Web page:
And now for the latest instalment of “how not to do public diplomacy”. Last time, readers will recall, we observed with interest as Chinese government sources called the Dalai Lama a terrorist and implied that he might be a Nazi. Later, of course, it transpired that these comments were merely a prelude, a limbering up before the real race, when Tibet’s Communist Party chief Zhang Quingli commented modestly that,
The Dalai Lama is a wolf wrapped in a habit, a monster with a human face and animal’s heart. We are now engaged in a fierce blood-and-fire battle with the Dali clique, a life-and-death battle between us and the enemy.
Not bad, not bad. But of course, if you really want to make an impact with your public diplomacy campaign, then you need to break out of regarding the state as your only communication platform. You need a coalition: a loose, decentralised network of advocates who are all animated by a central orienting idea.
And so to this morning’s New York Times. We start our tale on the day last week when the Olympic torch was being carried through San Francisco. In Durham, North Carolina, the campus of Duke University saw a face-off between two rival groups of activists: one pro-Tibetan, one (much larger) pro-Chinese. A student, Grace Wang, came out of the dining hall and saw that she had friends on both sides of the increasingly ugly confrontation. Now read on:
Ms. Wang tried to get the two groups to talk, participants said. She began traversing what she called “the middle ground,” asking the groups’ leaders to meet and making bargains [sic]. She said she agreed to write “Free Tibet, Save Tibet” on one student’s back only if he would speak with pro-Chinese demonstrators. She pleaded and lectured. In one photo, she is walking toward a phalanx of Chinese flags and banners, her arms overhead in a “timeout” T.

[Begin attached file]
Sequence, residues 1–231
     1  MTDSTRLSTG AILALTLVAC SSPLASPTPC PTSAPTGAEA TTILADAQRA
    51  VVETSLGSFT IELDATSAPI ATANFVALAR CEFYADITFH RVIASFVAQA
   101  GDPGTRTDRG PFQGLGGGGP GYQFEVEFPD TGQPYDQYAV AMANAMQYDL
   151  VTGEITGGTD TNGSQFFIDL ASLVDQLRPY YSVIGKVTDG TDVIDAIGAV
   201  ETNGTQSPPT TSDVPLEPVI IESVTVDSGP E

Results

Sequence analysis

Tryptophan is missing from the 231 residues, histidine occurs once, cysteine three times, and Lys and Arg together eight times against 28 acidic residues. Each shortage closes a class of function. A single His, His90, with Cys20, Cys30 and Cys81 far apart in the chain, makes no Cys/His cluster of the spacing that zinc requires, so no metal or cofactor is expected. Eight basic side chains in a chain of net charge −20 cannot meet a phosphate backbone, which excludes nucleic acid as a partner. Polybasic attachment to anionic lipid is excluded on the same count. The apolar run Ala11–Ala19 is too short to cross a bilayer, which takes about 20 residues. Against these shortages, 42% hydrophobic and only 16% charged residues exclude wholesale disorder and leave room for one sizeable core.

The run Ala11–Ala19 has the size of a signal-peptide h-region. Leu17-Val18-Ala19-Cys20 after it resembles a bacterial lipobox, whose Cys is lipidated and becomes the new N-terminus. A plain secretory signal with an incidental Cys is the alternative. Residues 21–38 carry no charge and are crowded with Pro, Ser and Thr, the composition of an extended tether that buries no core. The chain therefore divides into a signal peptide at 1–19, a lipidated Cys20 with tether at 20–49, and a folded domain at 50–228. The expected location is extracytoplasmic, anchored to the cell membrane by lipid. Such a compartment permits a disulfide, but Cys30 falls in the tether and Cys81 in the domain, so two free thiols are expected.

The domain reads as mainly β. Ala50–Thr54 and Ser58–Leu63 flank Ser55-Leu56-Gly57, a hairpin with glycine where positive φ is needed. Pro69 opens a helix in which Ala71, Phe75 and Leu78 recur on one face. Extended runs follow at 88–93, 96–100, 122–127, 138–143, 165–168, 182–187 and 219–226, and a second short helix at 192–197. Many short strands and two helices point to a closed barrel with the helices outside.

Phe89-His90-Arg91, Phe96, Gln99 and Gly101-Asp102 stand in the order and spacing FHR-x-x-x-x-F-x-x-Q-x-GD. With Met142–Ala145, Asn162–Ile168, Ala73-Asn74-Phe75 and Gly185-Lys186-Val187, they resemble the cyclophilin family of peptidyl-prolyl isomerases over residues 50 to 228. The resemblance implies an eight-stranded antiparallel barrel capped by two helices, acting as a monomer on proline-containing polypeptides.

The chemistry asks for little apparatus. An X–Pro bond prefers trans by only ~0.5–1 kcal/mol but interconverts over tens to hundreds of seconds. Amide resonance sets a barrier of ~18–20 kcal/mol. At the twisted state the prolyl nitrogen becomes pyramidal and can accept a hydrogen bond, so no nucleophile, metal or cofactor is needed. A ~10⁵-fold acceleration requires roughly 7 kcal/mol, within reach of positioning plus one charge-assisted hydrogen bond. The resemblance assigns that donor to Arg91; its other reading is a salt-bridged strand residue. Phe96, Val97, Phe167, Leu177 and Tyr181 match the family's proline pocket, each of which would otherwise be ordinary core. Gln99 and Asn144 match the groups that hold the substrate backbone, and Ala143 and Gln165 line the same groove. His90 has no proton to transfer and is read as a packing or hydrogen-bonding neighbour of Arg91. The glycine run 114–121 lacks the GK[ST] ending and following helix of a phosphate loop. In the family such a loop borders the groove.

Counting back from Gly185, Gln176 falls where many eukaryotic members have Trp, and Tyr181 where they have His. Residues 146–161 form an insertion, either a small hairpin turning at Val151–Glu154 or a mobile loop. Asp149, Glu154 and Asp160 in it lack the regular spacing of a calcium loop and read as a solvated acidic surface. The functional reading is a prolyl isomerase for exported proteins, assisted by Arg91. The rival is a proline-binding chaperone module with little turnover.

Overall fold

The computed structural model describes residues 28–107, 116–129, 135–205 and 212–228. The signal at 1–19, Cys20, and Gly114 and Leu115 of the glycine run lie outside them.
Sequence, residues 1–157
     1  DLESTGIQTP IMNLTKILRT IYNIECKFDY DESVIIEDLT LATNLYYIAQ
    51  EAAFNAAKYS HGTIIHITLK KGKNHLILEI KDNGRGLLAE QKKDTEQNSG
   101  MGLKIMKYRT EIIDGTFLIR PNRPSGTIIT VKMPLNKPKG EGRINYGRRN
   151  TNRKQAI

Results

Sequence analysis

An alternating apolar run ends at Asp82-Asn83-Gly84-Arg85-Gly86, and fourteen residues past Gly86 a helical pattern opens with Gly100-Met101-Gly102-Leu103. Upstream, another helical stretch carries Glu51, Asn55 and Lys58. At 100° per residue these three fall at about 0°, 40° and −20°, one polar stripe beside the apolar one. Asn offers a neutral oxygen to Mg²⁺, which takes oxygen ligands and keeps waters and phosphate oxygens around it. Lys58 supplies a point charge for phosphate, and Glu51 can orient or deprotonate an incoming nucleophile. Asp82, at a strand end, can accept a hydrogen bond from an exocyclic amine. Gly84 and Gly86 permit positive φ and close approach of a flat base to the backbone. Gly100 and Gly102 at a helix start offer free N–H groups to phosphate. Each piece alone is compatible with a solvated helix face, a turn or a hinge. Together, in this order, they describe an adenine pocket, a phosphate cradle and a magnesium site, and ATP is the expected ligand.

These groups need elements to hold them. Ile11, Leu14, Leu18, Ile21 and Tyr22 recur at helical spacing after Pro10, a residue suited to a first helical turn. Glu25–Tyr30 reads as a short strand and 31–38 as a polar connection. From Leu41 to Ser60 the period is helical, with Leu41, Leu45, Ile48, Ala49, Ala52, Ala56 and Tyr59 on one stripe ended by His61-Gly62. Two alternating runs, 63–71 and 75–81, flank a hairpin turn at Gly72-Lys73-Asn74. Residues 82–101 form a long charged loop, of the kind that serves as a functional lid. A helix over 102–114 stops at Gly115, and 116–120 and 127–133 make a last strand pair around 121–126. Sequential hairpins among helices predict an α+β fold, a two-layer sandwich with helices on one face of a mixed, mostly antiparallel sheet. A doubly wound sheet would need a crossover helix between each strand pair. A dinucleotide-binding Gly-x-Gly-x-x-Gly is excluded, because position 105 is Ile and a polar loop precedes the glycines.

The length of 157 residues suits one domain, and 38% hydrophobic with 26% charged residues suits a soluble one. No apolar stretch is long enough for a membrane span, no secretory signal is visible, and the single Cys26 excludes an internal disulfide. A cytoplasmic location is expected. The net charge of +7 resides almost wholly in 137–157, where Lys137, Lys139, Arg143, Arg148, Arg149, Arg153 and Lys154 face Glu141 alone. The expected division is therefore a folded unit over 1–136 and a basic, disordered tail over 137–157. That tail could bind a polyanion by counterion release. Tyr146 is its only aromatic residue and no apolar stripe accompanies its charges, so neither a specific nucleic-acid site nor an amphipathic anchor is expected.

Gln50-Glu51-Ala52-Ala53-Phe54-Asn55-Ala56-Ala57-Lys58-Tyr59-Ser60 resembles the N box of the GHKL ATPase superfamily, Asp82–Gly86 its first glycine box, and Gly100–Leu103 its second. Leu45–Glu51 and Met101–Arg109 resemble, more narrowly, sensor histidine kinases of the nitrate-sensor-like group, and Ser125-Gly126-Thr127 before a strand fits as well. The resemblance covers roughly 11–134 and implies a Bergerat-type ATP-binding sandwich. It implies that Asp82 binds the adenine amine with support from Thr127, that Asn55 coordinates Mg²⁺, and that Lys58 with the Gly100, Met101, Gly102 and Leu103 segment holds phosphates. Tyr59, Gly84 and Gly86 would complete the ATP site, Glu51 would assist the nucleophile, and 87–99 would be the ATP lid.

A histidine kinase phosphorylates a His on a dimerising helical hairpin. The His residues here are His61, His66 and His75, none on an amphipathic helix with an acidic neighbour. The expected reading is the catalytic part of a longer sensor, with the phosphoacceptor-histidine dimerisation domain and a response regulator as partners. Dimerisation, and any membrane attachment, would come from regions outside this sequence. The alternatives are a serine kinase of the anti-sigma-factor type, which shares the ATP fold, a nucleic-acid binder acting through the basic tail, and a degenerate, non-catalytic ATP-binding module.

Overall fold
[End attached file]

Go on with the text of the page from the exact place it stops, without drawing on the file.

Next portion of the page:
Clearly this sort of moderate, consensus-oriented position represented a massive threat to perceptions of China in the run-up to the Olympics. What was she thinking? Had she no pride in her nation? Fortunately, though, the network-based coalition was good to go:
The next day, a photo appeared on an Internet forum for Chinese students with a photo of Ms. Wang and the words “traitor to your country” emblazoned in Chinese across her forehead. Ms. Wang’s Chinese name, identification number and contact information were posted, along with directions to her parents’ apartment in Qingdao, a Chinese port city.
Salted with ugly rumors and manipulated photographs, the story of the young woman who was said to have taken sides with Tibet spread through China’s most popular Web sites, at each stop generating hundreds or thousands of raging, derogatory posts, some even suggesting that Ms. Wang — a slight, rosy 20-year-old — be burned in oil. Someone posted a photo of what was purported to be a bucket of feces emptied on the doorstep of her parents, who had gone into hiding.
“If you return to China, your dead corpse will be chopped into 10,000 pieces,” one person wrote in an e-mail message to Ms. Wang. “Call the human flesh search engines!” another threatened, using an Internet phrase that implies physical, as opposed to virtual, action.
So there we are: another public diplomacy triumph (this story ran on the front page of the Times today). Before, China’s main communications problem was perceptions of a monolithic, repressive state. Now, its more enthusiastic netizens have managed to start the ball rolling on getting its people seen as mad, foaming-at-the-mouth nationalists as well. Score!